One of the longest standing jazz venues in the city is  the ever stylish West End (College Road, Rylands; 021 637 9132; www.superclubs.co.za), jazz greats have been wowing grateful audiences for years and it’s a first port of call for many a visiting saxophonist or piano performer.

Marimba (CTICC, Heerengracht, Foreshore; 021 418 3366; www.marimbasa.com) at the Convention Centre is a beautifully designed space built with performance in mind - you can dine while you listen to the sounds of their live acts. A new spot that’s opened up shop in the city is The Rainbow Room (Mandela Rhodes Place, Church Street; 021 422 1418; www.therainbowexperience.co.za) is another supper club scenario where a swish crowd clink crystal glasses before settling down to moving live performances.

Locals in the know say that the performances at Swingers Jazz Club (1 Wetwyn Road, Lansdowne/Wetton; 021 762 2443) is the real Cape Town deal where the different influences on Cape Town sound can be seen live in action. For those who think of jazz as a pleasant background deal (and to be honest I’m in this camp), then head for the Winchester Mansions (221 Beach Road, Sea Point; 021 434 2351;www.winchester.co.za). This charming hotel on the Sea Point beachfront overlooking the promenade is well loved for its jazz brunches where you can enjoy light and lovely jazzy tunes while enjoying a slap up hotel breakfast.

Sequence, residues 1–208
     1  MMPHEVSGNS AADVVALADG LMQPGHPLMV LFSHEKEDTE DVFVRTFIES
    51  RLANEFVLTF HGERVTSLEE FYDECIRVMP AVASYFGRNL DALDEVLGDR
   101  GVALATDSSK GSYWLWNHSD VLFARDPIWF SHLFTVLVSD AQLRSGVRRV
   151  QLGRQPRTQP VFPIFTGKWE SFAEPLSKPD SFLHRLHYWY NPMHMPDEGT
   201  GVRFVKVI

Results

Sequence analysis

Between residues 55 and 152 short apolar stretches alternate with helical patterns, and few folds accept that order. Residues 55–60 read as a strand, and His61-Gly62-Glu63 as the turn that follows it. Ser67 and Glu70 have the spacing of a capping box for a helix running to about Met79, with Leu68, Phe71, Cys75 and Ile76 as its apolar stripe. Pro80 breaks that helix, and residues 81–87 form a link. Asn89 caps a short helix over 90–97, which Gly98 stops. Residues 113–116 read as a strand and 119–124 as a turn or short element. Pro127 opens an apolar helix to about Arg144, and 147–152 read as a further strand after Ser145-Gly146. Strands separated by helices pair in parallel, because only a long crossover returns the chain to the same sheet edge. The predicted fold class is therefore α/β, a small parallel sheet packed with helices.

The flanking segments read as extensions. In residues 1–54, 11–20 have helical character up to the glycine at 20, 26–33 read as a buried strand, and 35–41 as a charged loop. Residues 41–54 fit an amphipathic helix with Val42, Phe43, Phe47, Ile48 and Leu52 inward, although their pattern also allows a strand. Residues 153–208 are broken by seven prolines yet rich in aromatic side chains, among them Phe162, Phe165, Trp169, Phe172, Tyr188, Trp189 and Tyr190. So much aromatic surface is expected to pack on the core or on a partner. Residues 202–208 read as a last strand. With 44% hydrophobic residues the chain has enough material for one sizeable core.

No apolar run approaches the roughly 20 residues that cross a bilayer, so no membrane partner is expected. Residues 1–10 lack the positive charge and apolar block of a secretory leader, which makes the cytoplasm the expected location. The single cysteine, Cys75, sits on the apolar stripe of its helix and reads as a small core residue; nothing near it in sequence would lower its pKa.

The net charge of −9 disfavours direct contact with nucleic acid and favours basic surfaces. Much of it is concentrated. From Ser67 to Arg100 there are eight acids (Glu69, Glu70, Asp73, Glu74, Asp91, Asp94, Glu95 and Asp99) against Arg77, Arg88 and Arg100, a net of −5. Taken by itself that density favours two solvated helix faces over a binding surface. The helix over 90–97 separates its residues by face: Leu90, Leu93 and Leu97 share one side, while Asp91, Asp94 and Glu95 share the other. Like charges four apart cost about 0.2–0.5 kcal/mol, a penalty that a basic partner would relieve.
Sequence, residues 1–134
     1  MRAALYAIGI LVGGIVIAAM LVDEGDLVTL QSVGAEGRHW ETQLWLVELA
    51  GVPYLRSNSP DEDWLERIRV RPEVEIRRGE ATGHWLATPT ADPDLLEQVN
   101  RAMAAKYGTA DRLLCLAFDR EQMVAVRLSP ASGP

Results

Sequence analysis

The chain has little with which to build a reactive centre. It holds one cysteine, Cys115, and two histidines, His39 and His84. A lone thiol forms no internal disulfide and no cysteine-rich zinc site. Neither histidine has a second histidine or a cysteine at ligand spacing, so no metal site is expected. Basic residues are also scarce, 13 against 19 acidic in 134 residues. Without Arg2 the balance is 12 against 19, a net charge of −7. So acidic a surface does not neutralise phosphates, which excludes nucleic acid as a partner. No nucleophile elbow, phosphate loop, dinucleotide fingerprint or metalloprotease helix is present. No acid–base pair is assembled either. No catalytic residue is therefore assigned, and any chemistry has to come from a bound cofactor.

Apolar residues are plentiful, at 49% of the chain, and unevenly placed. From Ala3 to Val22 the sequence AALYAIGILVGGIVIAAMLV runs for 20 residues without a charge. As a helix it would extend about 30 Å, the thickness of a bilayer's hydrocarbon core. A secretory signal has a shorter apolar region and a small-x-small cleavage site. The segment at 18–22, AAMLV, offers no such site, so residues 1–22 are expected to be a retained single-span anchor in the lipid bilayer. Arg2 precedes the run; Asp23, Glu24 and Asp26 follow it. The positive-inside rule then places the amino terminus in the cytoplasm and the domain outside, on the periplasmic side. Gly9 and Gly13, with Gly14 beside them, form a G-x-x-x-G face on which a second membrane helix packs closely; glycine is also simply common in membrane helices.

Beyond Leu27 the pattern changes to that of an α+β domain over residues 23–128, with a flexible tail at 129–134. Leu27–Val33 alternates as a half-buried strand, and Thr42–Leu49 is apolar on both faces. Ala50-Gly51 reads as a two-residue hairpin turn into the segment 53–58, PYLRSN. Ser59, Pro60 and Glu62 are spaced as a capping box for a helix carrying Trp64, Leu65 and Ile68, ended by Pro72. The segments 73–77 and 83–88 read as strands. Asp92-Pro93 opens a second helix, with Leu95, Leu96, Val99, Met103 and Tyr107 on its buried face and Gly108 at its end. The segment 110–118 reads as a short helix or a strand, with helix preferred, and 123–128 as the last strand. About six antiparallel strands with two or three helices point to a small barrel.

Serious jazzheads (tens of thousands of them) from around the world descend on Cape Town at the end of every March for a weekend of mellow music and authentic vibes at The Cape Town International Jazz Festival (CTICC, Heerengracht, Foreshore; 021 422 5651; www.capetownjazzfest.com).

More expert advice on Cape Town

For suggestions on where to stay in Cape Town, see my Cape Town hotels page.

Read my overview on Cape Town nightlife.

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More information on Nightlife in Cape Town: cocktails, clubbing and jazz:

Author:
Vicki Sleet
Traveller type:
Travel Enthusiast
Guide rating:
0
Total views:
65
First uploaded:
22 December 2010
Last updated:
3 years 23 weeks 2 days 4 hours 54 min 38 sec ago
Destinations featured:
Trip types:
Nightlife
Budget level:
Mid-range, Expensive
Free tags / Keywords:
party, jazz, bar, cocktail, nightclub, sundowners